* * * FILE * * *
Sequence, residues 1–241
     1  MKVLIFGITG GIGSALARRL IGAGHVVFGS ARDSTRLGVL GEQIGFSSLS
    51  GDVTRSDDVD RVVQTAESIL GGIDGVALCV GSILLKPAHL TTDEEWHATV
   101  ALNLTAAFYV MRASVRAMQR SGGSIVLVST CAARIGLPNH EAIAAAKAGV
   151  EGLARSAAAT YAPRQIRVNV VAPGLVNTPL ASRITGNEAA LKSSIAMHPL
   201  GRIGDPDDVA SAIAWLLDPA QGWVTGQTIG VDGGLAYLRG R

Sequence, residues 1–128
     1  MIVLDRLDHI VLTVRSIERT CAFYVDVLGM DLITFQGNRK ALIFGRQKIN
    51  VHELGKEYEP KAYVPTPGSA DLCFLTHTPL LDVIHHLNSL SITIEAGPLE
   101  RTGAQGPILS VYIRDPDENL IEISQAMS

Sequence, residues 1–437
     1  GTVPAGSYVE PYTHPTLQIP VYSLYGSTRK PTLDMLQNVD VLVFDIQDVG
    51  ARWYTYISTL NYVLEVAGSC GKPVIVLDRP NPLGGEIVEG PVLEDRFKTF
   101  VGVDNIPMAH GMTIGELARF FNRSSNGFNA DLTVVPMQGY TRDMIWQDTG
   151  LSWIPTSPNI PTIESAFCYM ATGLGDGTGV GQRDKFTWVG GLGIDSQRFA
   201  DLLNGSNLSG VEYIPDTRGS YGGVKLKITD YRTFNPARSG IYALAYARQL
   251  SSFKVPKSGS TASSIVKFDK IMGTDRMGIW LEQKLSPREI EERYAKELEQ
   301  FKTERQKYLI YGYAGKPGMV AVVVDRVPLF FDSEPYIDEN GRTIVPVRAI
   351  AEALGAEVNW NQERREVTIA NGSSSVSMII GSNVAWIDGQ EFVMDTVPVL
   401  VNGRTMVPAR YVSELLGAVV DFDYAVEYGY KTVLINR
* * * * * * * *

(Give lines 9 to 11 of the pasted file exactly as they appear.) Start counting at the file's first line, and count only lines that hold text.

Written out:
    51  VHELGKEYEP KAYVPTPGSA DLCFLTHTPL LDVIHHLNSL SITIEAGPLE
   101  RTGAQGPILS VYIRDPDENL IEISQAMS

Sequence, residues 1–437